# Discontinuous function at an uncountable set with not rationals

Does there exists a function $f:[0,1]\to\mathbb{R}$ such that $D(f)$ (its points of discontinuity) is an uncountable set containing no rational number?

First thing I thought of was $\mathbb{R}\setminus\mathbb{Q}$ (uncountable, with no rational), but it won't work, since it's not an $F_\sigma.$ So there is no function whose points of discontinuity is precisely $\mathbb{R}\setminus\mathbb{Q}$.

For example, you can easily construct a Cantor-type set that contains no rational. I will start with $[a,b]$ where $a$ and $b$ are irrational with $0 < a < b < 1$, and remove at stage $n$ an open interval $U_n$ such that 1) $U_n$ has irrational endpoints 2) The closures of all $U_n$ are disjoint 3) $r_n$ (the $n$'th rational in some enumeration of the rationals in $(a,b)$) is in $\bigcup_{j=1}^n U_j$.

Take $E = [a,b] \backslash \bigcup_{j=1}^\infty U_j$. Define $f$ as the indicator function of $E$.

• This works great, thanks. Just a question: why is it necessary that $a$, $b$, and the end points of all the $U_n$ be irrational? What "goes wrong" if they're rational? – FPP Dec 7 '11 at 1:59
• Any such point will end up in $E$. – Robert Israel Dec 7 '11 at 17:36
• Why, though? If such a point were rational, wouldn't it get removed by some other $U_n$? – FPP Dec 8 '11 at 0:25

A slick way to show that there is a Cantor set disjoint from the rationals is to recall that $\mathbb{R}\setminus\mathbb{Q}$, as a subspace of $\mathbb{R}$ with the usual topology, is homeomorphic to $\omega^\omega$ with the product topology. (A proof can be found here.) $\omega^\omega$ clearly contains numerous copies of $\{0,1\}^\omega$, which is well-known to be a Cantor set.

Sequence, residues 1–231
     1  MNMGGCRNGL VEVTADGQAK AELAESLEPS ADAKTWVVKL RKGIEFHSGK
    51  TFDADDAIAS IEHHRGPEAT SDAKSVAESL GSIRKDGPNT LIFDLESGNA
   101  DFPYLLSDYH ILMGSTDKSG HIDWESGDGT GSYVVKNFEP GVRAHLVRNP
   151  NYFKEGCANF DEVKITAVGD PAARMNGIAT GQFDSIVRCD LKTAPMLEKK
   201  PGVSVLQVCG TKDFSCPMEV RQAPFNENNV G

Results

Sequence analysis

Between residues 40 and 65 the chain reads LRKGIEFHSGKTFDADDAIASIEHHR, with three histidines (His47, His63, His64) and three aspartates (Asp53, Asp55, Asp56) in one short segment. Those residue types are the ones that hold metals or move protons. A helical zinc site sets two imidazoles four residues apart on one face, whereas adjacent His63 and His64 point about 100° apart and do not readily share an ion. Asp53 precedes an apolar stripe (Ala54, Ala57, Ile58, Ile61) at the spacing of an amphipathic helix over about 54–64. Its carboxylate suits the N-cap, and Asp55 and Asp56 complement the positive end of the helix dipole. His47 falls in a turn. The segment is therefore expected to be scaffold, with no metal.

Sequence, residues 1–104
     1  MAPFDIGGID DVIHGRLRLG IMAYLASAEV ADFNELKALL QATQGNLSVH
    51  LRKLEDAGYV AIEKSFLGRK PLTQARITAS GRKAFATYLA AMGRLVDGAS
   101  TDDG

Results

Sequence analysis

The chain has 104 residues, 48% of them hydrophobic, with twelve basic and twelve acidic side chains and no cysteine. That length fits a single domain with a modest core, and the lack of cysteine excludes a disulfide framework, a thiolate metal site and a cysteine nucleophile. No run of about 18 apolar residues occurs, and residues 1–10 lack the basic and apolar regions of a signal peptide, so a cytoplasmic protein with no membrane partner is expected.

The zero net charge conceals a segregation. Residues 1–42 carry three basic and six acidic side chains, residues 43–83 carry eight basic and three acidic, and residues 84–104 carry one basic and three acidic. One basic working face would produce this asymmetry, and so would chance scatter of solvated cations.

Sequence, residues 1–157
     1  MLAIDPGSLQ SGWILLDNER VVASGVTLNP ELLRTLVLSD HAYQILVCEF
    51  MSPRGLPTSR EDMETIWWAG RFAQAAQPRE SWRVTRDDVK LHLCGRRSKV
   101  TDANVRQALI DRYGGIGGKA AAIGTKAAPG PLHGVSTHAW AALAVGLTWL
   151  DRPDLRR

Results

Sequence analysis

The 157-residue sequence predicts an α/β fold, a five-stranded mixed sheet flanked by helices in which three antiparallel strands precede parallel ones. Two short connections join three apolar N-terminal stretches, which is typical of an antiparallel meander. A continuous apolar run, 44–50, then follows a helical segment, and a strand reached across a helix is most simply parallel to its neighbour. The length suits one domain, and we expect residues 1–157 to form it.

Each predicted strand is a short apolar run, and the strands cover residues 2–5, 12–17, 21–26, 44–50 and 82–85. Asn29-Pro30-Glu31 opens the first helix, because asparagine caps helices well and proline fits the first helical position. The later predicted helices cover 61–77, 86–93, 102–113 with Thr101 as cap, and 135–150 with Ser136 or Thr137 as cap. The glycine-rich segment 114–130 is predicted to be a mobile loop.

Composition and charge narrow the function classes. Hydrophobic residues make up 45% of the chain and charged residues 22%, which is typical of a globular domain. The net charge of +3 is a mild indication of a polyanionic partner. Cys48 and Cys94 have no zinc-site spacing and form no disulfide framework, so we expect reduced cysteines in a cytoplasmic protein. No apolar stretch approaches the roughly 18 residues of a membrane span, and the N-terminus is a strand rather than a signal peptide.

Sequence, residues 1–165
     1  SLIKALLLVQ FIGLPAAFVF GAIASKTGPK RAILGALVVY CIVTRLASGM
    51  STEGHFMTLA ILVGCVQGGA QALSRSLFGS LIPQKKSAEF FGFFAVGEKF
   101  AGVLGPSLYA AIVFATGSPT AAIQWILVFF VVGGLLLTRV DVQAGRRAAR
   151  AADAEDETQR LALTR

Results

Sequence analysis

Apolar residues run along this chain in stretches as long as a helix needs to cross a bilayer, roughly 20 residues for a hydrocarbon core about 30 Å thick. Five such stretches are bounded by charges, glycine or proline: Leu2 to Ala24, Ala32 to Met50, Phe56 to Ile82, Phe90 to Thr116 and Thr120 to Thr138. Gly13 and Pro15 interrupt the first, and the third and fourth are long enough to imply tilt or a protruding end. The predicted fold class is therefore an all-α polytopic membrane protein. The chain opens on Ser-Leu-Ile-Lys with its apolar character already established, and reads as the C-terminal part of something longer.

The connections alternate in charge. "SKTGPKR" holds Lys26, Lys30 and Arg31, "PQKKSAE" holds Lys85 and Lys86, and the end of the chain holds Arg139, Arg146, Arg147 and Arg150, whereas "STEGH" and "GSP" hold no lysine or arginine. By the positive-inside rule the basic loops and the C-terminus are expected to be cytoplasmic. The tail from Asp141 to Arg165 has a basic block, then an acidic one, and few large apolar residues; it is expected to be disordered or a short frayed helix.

There are closed subsets of $[0,1]\setminus\mathbb Q$ with positive measure, positive measure implies uncountability, and closed sets are $F_\sigma$s, so yes. For some other questions that ask about subsets of $\mathbb R\setminus\mathbb Q$ with certain properties, see here, here, and here. You do not need to consider measure. See in particular the second link, and note that perfect sets are uncountable.

Not any Cantor like set with irrational endpoints will work. For example, if you restrict the length of removed segment to $\epsilon^n$ at each state at the midpoint of the interval, you will run into issues of not reducing the measure to 0 and will have rationals left over (there will be interval near $a$). (even though the method works if you put more restriction).

Just use the Cantor set. Let $C$ be the 1/3 Cantor set (removing 1/3 each time). It's uncountable, compact, and all element are rational or transcendental (I will refer to wikipedia's Cantor set page. Please look it up with more detail).

Let set $S = \frac{\sqrt{2}}{2}C$. You can tell that $S \subset [0,1]$, also every element in $C$ that is rational will become irrational, transcendental numbers are not algebric number, so if you multiply by $\frac{\sqrt{2}}{2}$ which is a algebric number, you still get a non-algebric number which can't be rational. It's is rather clear it's uncountable (there is a bijection from $S$ to $C$. (It is also compact).